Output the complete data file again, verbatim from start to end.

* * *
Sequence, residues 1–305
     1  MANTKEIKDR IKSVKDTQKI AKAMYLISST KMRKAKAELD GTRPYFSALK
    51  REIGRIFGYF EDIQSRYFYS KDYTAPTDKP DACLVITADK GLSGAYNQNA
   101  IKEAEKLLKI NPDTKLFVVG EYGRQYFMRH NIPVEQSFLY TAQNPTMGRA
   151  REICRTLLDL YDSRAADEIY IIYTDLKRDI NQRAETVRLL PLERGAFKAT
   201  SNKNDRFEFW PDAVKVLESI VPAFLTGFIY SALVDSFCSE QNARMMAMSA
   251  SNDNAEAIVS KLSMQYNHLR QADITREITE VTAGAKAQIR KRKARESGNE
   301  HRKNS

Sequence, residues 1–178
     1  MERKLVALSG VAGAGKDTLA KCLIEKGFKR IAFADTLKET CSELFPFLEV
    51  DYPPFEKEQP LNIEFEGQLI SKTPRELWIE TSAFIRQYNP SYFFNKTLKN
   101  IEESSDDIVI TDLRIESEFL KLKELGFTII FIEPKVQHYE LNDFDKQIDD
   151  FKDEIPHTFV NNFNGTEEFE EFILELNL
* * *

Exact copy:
Sequence, residues 1–305
     1  MANTKEIKDR IKSVKDTQKI AKAMYLISST KMRKAKAELD GTRPYFSALK
    51  REIGRIFGYF EDIQSRYFYS KDYTAPTDKP DACLVITADK GLSGAYNQNA
   101  IKEAEKLLKI NPDTKLFVVG EYGRQYFMRH NIPVEQSFLY TAQNPTMGRA
   151  REICRTLLDL YDSRAADEIY IIYTDLKRDI NQRAETVRLL PLERGAFKAT
   201  SNKNDRFEFW PDAVKVLESI VPAFLTGFIY SALVDSFCSE QNARMMAMSA
   251  SNDNAEAIVS KLSMQYNHLR QADITREITE VTAGAKAQIR KRKARESGNE
   301  HRKNS

Sequence, residues 1–178
     1  MERKLVALSG VAGAGKDTLA KCLIEKGFKR IAFADTLKET CSELFPFLEV
    51  DYPPFEKEQP LNIEFEGQLI SKTPRELWIE TSAFIRQYNP SYFFNKTLKN
   101  IEESSDDIVI TDLRIESEFL KLKELGFTII FIEPKVQHYE LNDFDKQIDD
   151  FKDEIPHTFV NNFNGTEEFE EFILELNL